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123 Griboedov channel, Room 123
190068 Saint Petersburg
123 Griboedov channel
On May 22, the presentation of a new book by Darius Staliunas "Enemies for a Day: Antisemitism and Anti-Jewish Violence in Lithuania under the Tsars" was held by the Centre for Historical Research and the History Department of the Higher School of Economics in St. Petersburg. The organizer of the meeting was the Junior Research Fellow of the CHR Anton Kotenko.
Darius Staliunas is deputy director of the Institute of Lithuanian History, author of works on the history of Lithuanian nationalism, history of this region within the Russian Empire and interethnic relations of the region. The new book by D. Staliunas is devoted to the history of anti-Jewish violence in the territory of the Lithuanian provinces of the Russian Empire in the late 19th - early 20th centuries. The book describes the structural preconditions for collective anti-Jewish violence, as well as its specific causes. It is important for the author to build a comparative context in the analysis of pogroms in the territory of modern Lithuania, while the historical material of the pogroms in other provinces of the Northwestern Territory of the Russian Empire and Bessarabia serves as sources for comparison.
The author began his report with the definition of the term "pogrom" as a prolonged act of mass violence against the Jewish population. One of the main problems in writing the history of pogroms in the Russian Empire is the question of the responsibility of the imperial authorities for anti-Jewish violence. On the one hand, the government in most cases was not directly responsible for the pogroms, and the police tried to suppress them and protect the victims, but we should not forget about the responsibility of the ruling elites for creating the structural situation of discrimination against Jews and, accordingly, the atmosphere of anti-Semitism. Another important topic is the assessment of the involvement of the local population in pogroms.
Further D. Staliunas touched upon the reasons for the pogroms and motivation of the porgromists themselves. The speaker believes that religious antisemitism played a key role here. In Lithuania, as in other regions of Eastern Europe, we can see regular accusations of blood libel, often even without an alleged victim. Thus, Jews easily became a legitimate object of hunting. Another important question is whether modern Lithuanian nationalism was one of the reasons for anti-Semitism? D. Staliunas argues in his book that it was Lithuanian nationalists who were most often not interested in anti-Jewish violence, and since the beginning of the twentieth century we can speak of a "pragmatic alliance" between Jewish and Lithuanian activists in the region, an alliance whose main opponent was the Polish national project. Were the Jews important for Lithuanian nationalism as an image of the "Other", for explaining on their example the boundaries of identification? Rather no, because such constitutive "Other" for the Lithuanian project was primarily the Poles. Because Lithuanian identity remained problematic in comparison with the Polish project, and a large number of Lithuanian peasants were bilinguals. In these conditions, the main problem of national mobilization for the Lithuanian intellectuals was the possibility of separation from the Polish cultural space.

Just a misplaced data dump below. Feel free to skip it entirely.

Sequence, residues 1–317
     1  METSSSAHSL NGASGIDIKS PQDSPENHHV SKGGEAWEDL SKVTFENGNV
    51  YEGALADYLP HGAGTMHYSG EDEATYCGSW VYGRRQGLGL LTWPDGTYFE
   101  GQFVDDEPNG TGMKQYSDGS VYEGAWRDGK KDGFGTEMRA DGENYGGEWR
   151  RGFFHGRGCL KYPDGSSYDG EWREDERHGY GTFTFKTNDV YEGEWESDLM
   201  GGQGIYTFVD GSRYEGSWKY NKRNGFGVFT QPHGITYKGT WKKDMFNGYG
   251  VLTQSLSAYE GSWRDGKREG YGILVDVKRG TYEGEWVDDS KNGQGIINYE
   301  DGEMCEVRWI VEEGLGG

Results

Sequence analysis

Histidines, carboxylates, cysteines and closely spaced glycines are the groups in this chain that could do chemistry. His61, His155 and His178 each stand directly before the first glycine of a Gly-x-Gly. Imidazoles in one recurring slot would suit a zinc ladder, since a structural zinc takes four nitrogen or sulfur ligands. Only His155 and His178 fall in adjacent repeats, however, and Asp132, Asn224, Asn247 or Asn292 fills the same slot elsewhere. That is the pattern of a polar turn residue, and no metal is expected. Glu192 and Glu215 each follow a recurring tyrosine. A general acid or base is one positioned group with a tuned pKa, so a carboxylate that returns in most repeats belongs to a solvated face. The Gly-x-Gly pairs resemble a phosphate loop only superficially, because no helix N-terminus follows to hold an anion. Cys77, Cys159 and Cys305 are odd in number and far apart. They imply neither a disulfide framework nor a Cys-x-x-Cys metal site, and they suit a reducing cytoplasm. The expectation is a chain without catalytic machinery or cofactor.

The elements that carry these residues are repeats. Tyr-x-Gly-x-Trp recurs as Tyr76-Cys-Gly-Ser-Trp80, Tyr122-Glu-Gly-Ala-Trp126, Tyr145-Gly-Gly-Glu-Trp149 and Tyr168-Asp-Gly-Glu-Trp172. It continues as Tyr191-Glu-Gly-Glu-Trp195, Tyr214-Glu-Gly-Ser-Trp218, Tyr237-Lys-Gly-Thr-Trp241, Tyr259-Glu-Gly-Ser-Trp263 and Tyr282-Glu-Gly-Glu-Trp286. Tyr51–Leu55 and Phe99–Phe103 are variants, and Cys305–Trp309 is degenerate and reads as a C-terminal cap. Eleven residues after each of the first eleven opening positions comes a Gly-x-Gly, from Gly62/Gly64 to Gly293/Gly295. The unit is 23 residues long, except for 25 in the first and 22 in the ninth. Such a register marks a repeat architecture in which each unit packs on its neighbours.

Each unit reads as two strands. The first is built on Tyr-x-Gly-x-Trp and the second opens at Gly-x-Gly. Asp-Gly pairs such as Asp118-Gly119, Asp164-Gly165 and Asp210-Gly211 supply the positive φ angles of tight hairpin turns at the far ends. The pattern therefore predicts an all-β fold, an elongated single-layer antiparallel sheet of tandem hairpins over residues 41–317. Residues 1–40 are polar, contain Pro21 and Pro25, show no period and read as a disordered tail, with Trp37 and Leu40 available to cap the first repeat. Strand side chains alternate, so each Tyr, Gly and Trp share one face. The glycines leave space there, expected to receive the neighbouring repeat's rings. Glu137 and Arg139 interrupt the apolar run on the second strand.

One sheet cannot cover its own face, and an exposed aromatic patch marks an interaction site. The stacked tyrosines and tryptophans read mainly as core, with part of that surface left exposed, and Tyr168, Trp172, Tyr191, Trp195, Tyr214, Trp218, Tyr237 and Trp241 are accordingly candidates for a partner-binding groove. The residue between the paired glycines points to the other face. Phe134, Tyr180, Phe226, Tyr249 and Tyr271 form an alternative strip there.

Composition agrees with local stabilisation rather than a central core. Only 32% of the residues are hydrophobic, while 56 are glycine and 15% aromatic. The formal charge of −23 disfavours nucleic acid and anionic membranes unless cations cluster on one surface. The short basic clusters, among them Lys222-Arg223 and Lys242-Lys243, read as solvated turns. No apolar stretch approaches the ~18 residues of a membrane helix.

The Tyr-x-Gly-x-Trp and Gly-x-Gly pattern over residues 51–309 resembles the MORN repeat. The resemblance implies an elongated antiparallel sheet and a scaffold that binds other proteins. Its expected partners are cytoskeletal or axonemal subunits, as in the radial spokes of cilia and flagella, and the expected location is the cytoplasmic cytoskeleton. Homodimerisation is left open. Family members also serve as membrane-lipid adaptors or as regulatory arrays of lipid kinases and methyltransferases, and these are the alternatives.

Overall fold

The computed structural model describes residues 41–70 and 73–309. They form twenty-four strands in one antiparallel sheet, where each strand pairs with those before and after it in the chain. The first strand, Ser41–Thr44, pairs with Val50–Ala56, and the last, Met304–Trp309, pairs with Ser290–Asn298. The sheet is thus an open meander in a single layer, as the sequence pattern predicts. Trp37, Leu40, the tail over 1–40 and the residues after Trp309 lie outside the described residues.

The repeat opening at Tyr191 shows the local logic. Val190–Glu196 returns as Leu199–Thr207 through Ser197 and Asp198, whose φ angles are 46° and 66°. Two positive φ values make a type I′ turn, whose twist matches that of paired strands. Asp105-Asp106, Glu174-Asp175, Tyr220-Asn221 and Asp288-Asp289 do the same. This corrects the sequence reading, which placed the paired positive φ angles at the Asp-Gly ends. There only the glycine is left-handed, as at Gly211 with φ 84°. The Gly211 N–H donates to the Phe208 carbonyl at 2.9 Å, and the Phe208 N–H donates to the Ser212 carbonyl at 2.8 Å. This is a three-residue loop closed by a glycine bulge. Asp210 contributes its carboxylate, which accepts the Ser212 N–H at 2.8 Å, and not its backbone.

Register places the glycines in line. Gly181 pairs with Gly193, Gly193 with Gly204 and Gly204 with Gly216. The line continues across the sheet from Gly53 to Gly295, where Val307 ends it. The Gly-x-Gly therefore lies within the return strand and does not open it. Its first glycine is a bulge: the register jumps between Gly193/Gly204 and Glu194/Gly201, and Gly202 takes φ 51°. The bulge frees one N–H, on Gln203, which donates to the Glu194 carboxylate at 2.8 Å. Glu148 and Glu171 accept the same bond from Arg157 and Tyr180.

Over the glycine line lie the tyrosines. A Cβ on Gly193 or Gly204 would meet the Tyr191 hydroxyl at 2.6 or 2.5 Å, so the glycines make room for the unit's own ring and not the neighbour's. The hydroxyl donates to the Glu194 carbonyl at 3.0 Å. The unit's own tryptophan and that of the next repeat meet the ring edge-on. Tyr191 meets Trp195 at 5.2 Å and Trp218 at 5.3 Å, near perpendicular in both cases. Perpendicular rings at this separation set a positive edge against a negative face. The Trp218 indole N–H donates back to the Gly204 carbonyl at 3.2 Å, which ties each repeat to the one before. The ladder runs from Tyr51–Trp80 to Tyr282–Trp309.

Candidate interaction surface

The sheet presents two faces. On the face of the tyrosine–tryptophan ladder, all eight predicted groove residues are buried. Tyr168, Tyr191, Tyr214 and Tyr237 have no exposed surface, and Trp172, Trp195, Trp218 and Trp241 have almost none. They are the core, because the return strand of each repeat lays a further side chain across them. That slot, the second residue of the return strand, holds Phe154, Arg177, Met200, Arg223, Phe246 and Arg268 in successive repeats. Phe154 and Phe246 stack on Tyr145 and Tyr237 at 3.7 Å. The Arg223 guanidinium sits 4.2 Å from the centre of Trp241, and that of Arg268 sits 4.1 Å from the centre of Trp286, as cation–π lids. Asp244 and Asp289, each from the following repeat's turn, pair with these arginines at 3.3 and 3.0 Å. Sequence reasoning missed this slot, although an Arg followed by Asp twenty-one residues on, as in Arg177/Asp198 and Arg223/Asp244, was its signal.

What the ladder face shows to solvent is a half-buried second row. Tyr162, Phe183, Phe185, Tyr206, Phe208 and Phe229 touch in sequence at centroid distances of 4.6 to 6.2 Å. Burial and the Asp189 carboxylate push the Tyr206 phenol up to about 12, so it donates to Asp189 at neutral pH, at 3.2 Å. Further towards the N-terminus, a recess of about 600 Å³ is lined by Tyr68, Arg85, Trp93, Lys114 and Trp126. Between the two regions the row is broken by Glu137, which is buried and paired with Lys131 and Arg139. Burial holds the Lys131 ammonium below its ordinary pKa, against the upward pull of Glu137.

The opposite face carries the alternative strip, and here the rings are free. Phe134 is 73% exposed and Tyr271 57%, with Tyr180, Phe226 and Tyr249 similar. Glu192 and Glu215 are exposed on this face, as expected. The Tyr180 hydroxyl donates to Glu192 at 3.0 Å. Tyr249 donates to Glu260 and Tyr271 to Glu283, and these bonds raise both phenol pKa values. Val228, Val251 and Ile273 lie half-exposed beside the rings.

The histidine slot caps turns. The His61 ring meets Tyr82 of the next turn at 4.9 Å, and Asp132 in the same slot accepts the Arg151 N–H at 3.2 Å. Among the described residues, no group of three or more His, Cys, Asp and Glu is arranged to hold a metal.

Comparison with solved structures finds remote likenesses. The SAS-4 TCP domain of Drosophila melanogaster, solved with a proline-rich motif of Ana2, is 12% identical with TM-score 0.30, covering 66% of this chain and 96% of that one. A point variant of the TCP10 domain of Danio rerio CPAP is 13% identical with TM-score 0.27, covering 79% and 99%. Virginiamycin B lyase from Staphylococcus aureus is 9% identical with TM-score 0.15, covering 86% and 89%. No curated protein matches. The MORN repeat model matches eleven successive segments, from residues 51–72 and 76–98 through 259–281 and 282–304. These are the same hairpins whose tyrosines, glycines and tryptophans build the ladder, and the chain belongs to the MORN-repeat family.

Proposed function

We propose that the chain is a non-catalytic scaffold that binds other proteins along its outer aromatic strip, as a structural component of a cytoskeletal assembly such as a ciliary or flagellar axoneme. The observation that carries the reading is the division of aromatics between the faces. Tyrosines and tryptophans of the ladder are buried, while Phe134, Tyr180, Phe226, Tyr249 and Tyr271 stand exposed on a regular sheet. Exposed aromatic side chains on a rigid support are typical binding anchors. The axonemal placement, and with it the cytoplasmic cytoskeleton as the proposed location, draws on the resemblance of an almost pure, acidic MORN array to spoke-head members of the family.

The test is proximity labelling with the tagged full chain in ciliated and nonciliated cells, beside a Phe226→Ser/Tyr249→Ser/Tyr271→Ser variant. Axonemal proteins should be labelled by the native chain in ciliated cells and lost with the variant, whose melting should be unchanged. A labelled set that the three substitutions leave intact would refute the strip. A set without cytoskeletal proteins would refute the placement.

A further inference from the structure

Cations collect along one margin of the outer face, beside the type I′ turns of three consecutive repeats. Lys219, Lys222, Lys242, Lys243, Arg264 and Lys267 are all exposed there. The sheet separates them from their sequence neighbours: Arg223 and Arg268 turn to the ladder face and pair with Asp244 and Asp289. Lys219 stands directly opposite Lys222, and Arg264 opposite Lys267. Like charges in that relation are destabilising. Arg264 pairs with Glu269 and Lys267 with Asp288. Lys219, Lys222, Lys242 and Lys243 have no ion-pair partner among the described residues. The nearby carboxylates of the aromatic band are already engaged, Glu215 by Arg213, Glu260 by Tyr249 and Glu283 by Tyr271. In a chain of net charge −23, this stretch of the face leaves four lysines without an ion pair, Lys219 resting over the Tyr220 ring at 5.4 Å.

Thus, the Jewish pogroms on the Lithuanian lands were a complex phenomenon. On the one hand, developed anti-Semitism unquestionably existed in many ideological and political fields. On the other hand, it should be remembered that in Lithuania in the late XIX - early XX centuries there were no cases analogous to the truly large-scale and bloody pogroms of southern Russia and Bessarabia. The problem of responsibility for pogroms and the analysis of the reasons behind them remains a difficult question.
The report of D. Staliunas was followed by a lively discussion, during which the problems of historization of anti-Semitism, the differences between rural pogroms and urban uprisings of the early 20th century, as well as assessing the involvement of Lithuanian peasants in anti-Jewish violent actions were touched upon.
Report by Nikita Fomin